Movie Review – The D Train

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Movie Review – The D Train

Category : Movie Review

Director: Andrew Mogel, Jarrad Paul

Starring: Jack Black, James Marsden, Kathryn Hahn

Year: 2015

The D Train is basically the dirtier version of every 80s movie you ever saw.  It takes the music and the life lessons, adds in anal sex, and calls it a comedy, not stopping to wonder and/or care if you even wanted to think about Jack Black getting it in the butt.  My work is done, you are now prepared to watch this movie, (or not); the rest of this review will be trivial, but I guess I’ll write it anyway.  For what it’s worth, 80s movies do leave out a lot of the gory details of whatever tale they are trying to weave, skipping over the hurdles as if ever every film was a track star in tight shorts.  In reality, problems arise, people have sex, heroes poop, and happy endings can be messy.

Decades after the glory days of high school, Dan Landsman is still living in the past.  It’s not like he was cool back then, it’s that he’s still trying to make the same friends that would never hang out with him after class, he’s just older and plumper now.  Dan is the lead dog of the alumni committee, and he also spearheads the class reunion, which is coming up.  This year, he wants it to be big, and when he sees former big-man-on-campus Oliver Lawless on TV, he knows just what he has to do; fake a business trip, fly to L.A., meet with Lawless, convince him to come to PA for the weekend, and save the proverbial day.  Dan will have to lie a whole hell of a lot in order to make that all happen, and he might have to do some drugs as well, but sacrifices must be made, and the reunion must be a hit.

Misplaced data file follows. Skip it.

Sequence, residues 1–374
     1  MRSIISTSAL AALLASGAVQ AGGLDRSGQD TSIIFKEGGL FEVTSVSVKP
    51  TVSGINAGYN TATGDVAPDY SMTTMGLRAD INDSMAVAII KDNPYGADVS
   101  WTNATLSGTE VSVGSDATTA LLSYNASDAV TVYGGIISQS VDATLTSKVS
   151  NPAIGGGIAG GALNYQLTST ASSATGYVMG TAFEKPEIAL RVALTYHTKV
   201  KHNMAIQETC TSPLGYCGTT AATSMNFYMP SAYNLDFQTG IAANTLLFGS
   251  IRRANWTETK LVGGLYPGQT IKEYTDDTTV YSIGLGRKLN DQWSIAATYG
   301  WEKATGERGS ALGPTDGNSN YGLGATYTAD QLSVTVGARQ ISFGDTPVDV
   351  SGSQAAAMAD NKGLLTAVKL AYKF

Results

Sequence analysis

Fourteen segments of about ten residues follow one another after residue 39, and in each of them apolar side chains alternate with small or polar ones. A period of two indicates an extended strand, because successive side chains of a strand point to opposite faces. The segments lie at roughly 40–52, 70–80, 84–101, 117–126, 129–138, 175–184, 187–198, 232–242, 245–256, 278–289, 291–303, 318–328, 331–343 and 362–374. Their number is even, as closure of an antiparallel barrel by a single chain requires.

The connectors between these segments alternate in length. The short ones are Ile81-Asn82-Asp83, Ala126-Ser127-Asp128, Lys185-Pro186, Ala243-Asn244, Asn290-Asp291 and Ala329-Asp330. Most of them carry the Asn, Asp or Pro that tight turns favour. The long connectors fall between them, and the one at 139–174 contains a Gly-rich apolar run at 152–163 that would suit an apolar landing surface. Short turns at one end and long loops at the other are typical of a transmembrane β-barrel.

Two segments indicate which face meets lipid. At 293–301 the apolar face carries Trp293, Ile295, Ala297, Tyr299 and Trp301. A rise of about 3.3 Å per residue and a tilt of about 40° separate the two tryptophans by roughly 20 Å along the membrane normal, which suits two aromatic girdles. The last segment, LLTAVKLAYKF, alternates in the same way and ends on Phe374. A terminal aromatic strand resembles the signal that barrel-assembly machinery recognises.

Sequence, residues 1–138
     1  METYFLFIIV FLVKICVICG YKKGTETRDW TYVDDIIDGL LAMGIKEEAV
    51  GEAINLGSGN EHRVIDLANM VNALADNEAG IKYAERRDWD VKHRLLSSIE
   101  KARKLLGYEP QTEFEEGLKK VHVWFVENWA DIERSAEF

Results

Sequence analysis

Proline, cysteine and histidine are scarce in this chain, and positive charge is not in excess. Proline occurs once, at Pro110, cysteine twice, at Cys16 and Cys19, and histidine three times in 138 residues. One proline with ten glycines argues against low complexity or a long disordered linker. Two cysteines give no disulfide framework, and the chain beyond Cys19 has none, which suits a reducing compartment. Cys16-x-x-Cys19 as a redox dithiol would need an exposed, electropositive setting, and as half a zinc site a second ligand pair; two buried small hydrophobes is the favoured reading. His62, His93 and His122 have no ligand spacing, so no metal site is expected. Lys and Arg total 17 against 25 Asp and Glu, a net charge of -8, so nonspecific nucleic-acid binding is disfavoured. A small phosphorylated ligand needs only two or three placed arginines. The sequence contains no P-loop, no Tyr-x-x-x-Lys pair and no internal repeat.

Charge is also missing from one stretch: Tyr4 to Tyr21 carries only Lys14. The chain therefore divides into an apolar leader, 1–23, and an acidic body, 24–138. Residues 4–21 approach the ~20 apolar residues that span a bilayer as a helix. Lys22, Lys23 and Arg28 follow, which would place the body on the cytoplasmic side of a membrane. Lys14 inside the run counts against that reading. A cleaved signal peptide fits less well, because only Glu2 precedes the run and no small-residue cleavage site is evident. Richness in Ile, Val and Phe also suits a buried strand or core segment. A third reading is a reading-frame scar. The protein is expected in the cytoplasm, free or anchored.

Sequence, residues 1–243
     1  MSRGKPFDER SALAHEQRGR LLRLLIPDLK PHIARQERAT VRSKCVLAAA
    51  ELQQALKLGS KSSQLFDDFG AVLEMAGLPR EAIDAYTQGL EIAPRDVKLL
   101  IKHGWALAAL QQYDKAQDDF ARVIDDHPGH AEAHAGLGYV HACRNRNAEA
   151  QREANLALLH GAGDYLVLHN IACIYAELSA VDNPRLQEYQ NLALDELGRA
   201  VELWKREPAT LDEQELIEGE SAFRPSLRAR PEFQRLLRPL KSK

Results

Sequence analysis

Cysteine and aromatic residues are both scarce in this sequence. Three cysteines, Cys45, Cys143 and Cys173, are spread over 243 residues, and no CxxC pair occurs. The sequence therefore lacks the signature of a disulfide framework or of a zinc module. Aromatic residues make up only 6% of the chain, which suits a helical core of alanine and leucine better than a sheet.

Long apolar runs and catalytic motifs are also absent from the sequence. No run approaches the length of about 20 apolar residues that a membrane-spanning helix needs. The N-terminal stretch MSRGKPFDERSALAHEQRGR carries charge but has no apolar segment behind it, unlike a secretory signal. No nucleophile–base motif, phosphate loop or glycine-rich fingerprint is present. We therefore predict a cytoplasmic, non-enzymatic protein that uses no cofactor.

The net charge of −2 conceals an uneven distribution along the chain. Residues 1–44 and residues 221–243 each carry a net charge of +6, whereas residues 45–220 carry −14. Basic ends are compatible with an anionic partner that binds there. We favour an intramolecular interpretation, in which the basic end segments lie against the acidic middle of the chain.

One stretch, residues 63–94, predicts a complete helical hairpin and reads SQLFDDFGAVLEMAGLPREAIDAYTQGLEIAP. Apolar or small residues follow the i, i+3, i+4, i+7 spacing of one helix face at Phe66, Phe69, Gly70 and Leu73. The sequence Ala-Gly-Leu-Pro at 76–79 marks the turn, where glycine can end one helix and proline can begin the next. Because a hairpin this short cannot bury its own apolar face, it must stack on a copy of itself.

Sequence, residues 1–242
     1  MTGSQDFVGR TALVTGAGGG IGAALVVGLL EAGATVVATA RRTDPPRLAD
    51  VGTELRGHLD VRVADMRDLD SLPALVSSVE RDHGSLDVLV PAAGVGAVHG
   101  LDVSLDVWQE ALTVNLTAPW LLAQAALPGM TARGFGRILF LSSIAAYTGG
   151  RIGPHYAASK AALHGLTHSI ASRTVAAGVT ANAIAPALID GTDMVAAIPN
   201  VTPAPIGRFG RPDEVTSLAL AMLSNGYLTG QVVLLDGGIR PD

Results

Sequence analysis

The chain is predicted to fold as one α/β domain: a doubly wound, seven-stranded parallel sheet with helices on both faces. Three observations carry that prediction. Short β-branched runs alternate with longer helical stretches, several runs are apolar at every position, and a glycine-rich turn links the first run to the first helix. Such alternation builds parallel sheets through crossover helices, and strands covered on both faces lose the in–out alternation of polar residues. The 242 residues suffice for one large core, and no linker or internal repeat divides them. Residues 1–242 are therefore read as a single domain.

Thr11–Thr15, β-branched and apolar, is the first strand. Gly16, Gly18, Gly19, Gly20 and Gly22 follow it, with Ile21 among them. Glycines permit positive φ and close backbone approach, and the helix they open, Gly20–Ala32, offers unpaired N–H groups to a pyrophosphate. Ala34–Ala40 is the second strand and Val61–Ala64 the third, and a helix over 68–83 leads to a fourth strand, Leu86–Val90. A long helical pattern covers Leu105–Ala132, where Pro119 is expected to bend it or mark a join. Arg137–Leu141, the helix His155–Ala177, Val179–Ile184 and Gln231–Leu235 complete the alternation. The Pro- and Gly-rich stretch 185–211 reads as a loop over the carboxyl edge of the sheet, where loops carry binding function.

That was the what struck me the most about this film, and probably what I enjoyed the most as well; the idea of making an 80s movie with some of the gratuitous nature brought to the foreground instead of letting it be glossed over, of making more of a mess than is typical from the genre.  Count on Jack Black to stir shit up a bit, and he definitely does, bringing a funky character to the film who you can’t help but root for.  James Marsden was solid as well, as the hunky Oliver, the stud who peaked too soon and who now is forced to overcompensate for his lack of happiness.  The D Train isn’t anything special, but it is a ballsy effort to shake things around, to make audiences uncomfortable, but to provide some entertainment at the same time.

My rating: ☆ ☆ ☆

 

 


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